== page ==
What is already known on this topic
Several studies have shown that the trillions of bacteria living in the gut could influence brain and behavior, and might be linked to a score of brain conditions. But the mechanisms through which host and microbial factors regulate complex behaviors remains poorly understood.
What this research adds
Working in mice, researchers have found that hyperactivity is controlled by the animal’s own genetic makeup, whereas social behavior deficits are influenced by the gut microbiota. Feeding mice a specific species of bacteria — a probiotic called Lactobacillus reuteri — resulted in improved social behavior. That’s likely because treated mice showed increased levels of a hormone associated with pleasure and bonding in the brain area that controls reward.
The study suggest that gut microbes could contribute to certain symptoms associated with neurological conditions. The findings might also help to develop microbe-inspired therapies to treat such conditions.
The trillions of bacteria living in the gut have been associated with a score of changes in brain function and behavior. Now, a study done in mice links gut microbes to specific brain conditions.
The study, published in Cell, suggest that gut microbes could contribute to certain symptoms associated with neurological disorders. The findings might also help to develop microbe-inspired therapies to treat such conditions.
“In my wildest dreams, I could have never imagined that microbes in the gut could modulate behavior and brain function,” says study senior author Mauro Costa-Mattioli at Baylor College of Medicine. “To think now that microbial-based strategies may be a viable way to treat neurological dysfunction is still wild, but very exciting.”
Studies have linked the gut microbiota to several brain conditions, but the mechanisms through which host and microbial factors regulate complex behaviors remains poorly understood. To address this question, Costa-Mattioli and his colleagues studied mouse models for neurodevelopmental disorders. These animals display social deficits and hyperactivity as well as alterations of their gut microbiota similar to those observed in people with autism.
Previous results from the same team showed that mice whose gut was colonized only with a specific species of bacteria — a probiotic called Lactobacillus reuteri — showed less social deficits than control mice. So, the researchers fed L. reuteri to their mouse models for neurodevelopmental disorders.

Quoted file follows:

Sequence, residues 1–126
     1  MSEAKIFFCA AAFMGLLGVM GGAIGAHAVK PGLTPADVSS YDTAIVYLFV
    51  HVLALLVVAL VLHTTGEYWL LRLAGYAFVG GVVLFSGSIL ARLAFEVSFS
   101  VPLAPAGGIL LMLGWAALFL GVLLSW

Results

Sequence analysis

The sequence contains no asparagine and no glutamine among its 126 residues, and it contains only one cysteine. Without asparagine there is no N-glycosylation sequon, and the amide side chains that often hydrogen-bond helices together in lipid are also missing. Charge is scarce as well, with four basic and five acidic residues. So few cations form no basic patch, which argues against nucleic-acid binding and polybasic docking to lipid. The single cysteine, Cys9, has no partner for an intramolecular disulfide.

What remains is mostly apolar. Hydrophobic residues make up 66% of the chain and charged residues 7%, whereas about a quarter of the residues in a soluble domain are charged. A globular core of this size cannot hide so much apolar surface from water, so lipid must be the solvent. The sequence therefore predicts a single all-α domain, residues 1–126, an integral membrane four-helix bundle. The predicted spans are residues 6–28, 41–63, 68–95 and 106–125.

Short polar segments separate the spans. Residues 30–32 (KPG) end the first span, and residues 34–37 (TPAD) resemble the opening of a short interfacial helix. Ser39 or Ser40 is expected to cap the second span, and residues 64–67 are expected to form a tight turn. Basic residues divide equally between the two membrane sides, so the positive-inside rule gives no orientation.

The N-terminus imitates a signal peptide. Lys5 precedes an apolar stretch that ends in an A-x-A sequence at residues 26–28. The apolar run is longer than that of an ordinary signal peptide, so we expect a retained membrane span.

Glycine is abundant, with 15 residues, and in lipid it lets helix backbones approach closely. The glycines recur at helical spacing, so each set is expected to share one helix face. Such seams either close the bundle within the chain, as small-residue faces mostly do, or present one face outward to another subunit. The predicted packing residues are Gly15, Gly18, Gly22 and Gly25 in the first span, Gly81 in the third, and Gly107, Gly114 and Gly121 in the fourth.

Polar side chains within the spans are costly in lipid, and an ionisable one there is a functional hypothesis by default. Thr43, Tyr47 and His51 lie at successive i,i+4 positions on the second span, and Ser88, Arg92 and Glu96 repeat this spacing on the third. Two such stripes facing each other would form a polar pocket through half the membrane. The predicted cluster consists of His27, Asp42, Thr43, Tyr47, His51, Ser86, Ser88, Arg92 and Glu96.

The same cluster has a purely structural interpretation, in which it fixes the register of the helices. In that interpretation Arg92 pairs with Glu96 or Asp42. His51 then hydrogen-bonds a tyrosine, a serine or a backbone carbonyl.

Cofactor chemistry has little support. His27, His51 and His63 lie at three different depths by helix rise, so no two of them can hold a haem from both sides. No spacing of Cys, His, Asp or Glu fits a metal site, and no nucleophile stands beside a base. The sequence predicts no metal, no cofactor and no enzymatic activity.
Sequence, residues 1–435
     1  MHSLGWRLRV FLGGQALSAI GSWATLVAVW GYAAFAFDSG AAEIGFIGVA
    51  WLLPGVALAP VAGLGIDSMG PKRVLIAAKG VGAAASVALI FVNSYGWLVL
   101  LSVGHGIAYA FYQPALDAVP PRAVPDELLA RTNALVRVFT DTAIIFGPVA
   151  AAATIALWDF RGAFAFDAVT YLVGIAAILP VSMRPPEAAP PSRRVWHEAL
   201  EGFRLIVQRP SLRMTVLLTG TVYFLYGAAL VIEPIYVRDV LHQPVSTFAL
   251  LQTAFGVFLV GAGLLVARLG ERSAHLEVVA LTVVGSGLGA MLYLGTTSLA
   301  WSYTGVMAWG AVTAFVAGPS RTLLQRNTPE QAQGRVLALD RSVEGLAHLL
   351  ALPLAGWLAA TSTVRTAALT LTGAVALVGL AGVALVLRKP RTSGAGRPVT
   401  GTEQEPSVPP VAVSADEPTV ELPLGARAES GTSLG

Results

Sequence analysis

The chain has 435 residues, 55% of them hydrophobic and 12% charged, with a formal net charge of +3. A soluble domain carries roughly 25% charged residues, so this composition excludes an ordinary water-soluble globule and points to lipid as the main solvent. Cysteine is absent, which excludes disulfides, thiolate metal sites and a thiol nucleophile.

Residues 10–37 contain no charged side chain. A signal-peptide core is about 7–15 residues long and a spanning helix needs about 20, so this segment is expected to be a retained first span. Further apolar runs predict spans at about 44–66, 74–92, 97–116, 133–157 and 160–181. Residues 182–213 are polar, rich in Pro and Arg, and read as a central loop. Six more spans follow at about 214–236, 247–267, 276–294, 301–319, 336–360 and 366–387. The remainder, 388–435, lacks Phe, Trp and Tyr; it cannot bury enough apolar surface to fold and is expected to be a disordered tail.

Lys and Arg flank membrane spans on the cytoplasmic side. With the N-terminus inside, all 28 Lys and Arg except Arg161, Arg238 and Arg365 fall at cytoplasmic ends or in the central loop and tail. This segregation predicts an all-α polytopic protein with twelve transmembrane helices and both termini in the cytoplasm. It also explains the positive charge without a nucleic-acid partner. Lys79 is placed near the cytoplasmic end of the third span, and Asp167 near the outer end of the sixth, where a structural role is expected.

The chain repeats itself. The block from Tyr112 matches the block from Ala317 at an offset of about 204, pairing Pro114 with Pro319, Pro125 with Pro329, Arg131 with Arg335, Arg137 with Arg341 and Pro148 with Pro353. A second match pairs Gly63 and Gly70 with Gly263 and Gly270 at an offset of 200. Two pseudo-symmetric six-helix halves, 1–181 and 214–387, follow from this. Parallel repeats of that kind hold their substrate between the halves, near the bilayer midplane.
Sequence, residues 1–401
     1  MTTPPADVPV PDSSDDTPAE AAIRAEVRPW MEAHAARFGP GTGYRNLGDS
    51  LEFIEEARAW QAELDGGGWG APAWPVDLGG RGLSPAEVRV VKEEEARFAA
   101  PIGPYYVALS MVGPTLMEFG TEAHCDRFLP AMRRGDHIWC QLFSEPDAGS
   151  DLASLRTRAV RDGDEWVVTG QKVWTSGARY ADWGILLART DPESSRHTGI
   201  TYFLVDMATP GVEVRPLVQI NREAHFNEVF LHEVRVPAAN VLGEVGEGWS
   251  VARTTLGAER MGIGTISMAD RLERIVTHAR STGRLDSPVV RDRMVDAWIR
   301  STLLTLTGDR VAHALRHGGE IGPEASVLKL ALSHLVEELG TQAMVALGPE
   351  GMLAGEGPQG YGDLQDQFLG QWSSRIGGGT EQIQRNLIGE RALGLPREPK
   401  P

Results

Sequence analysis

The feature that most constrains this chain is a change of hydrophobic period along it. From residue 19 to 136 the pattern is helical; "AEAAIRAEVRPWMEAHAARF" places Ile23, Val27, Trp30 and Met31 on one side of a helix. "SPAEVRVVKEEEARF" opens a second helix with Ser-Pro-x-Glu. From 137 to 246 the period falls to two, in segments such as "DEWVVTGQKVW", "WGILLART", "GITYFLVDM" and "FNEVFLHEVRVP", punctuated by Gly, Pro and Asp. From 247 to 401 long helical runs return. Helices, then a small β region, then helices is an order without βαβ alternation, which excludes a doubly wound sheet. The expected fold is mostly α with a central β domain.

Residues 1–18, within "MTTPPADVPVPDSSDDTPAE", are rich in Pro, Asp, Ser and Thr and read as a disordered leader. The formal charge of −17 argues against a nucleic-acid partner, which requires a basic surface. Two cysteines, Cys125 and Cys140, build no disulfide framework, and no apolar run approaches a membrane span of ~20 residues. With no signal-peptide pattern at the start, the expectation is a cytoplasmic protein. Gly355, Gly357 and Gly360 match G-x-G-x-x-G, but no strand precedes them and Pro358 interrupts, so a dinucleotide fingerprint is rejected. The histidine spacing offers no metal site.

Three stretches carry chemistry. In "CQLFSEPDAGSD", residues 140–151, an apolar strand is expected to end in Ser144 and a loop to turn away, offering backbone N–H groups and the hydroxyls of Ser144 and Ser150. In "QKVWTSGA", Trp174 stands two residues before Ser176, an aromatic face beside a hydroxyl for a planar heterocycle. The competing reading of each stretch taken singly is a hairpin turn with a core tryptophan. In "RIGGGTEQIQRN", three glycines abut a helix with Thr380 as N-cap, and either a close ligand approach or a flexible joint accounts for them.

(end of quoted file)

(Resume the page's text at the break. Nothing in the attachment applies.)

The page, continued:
Once the microbe colonized the mouse’s gut and became part of the intestinal microbiota, the mice showed improved social behavior. However, the treatment did not alter the animals’ hyperactivity, suggesting that the changes in the gut microbiota contribute only to social behavior. The researchers also found that treated mice showed increased levels of oxytocin — a hormone associated with pleasure and bonding — in the brain area that controls reward.
“We were able to separate the contribution of the microbiome and that of the animal’s genetic mutation on the behavioral changes,” says study co-lead author Sean Dooling. “This shows that the gut microbiome shouldn’t be ignored as an important variable in studying health and disease.”
The team found that a particular microbial metabolite, called BH4, was increased in the gut of mice treated with L. reuteri. Giving the animals the metabolite instead of the bacteria also improved their social behavior, suggesting another potential way to modulate the brain from the gut.
“As we learn more about how these bacteria work, we will be able to more precisely and effectively leverage their power to help treat the brain and perhaps more,” Dooling says.
Costa-Mattioli notes that it is still difficult to modulate human genes to treat brain conditions, but altering the gut microbiota may be a potential, non-invasive alternative. He now plans to start a trial to test L. reuteri in children with autism.